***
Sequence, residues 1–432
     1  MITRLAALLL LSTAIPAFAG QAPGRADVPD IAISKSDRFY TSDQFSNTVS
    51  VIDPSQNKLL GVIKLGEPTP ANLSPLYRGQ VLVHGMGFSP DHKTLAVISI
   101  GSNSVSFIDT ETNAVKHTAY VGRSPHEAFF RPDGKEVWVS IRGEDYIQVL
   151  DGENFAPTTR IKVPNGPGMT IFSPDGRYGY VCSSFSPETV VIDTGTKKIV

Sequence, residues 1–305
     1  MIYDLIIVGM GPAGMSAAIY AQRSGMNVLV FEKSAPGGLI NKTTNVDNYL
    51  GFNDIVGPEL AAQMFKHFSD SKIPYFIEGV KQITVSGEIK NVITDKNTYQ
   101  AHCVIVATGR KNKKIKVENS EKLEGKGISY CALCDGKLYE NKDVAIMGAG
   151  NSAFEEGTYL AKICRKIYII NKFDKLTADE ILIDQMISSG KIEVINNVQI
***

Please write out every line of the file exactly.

Sequence, residues 1–432
     1  MITRLAALLL LSTAIPAFAG QAPGRADVPD IAISKSDRFY TSDQFSNTVS
    51  VIDPSQNKLL GVIKLGEPTP ANLSPLYRGQ VLVHGMGFSP DHKTLAVISI
   101  GSNSVSFIDT ETNAVKHTAY VGRSPHEAFF RPDGKEVWVS IRGEDYIQVL
   151  DGENFAPTTR IKVPNGPGMT IFSPDGRYGY VCSSFSPETV VIDTGTKKIV

Sequence, residues 1–305
     1  MIYDLIIVGM GPAGMSAAIY AQRSGMNVLV FEKSAPGGLI NKTTNVDNYL
    51  GFNDIVGPEL AAQMFKHFSD SKIPYFIEGV KQITVSGEIK NVITDKNTYQ
   101  AHCVIVATGR KNKKIKVENS EKLEGKGISY CALCDGKLYE NKDVAIMGAG
   151  NSAFEEGTYL AKICRKIYII NKFDKLTADE ILIDQMISSG KIEVINNVQI